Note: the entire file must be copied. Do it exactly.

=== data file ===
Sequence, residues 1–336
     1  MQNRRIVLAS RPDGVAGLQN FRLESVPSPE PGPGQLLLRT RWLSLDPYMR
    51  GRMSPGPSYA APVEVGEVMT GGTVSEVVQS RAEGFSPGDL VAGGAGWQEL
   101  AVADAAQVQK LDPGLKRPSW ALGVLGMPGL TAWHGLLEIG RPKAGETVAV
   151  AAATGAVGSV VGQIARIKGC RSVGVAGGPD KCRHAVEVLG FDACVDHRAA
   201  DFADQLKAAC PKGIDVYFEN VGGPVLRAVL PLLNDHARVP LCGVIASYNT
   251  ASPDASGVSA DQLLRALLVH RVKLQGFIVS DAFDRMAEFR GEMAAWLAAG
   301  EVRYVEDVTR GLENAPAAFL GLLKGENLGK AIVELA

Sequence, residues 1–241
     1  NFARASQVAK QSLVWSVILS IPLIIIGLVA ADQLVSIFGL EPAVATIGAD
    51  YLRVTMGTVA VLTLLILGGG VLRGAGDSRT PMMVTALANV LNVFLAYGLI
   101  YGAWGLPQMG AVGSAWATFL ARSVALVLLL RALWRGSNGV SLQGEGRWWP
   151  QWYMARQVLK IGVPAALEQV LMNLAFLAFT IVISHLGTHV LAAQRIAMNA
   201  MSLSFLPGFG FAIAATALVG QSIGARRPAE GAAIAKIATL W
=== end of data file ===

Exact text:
Sequence, residues 1–336
     1  MQNRRIVLAS RPDGVAGLQN FRLESVPSPE PGPGQLLLRT RWLSLDPYMR
    51  GRMSPGPSYA APVEVGEVMT GGTVSEVVQS RAEGFSPGDL VAGGAGWQEL
   101  AVADAAQVQK LDPGLKRPSW ALGVLGMPGL TAWHGLLEIG RPKAGETVAV
   151  AAATGAVGSV VGQIARIKGC RSVGVAGGPD KCRHAVEVLG FDACVDHRAA
   201  DFADQLKAAC PKGIDVYFEN VGGPVLRAVL PLLNDHARVP LCGVIASYNT
   251  ASPDASGVSA DQLLRALLVH RVKLQGFIVS DAFDRMAEFR GEMAAWLAAG
   301  EVRYVEDVTR GLENAPAAFL GLLKGENLGK AIVELA

Sequence, residues 1–241
     1  NFARASQVAK QSLVWSVILS IPLIIIGLVA ADQLVSIFGL EPAVATIGAD
    51  YLRVTMGTVA VLTLLILGGG VLRGAGDSRT PMMVTALANV LNVFLAYGLI
   101  YGAWGLPQMG AVGSAWATFL ARSVALVLLL RALWRGSNGV SLQGEGRWWP
   151  QWYMARQVLK IGVPAALEQV LMNLAFLAFT IVISHLGTHV LAAQRIAMNA
   201  MSLSFLPGFG FAIAATALVG QSIGARRPAE GAAIAKIATL W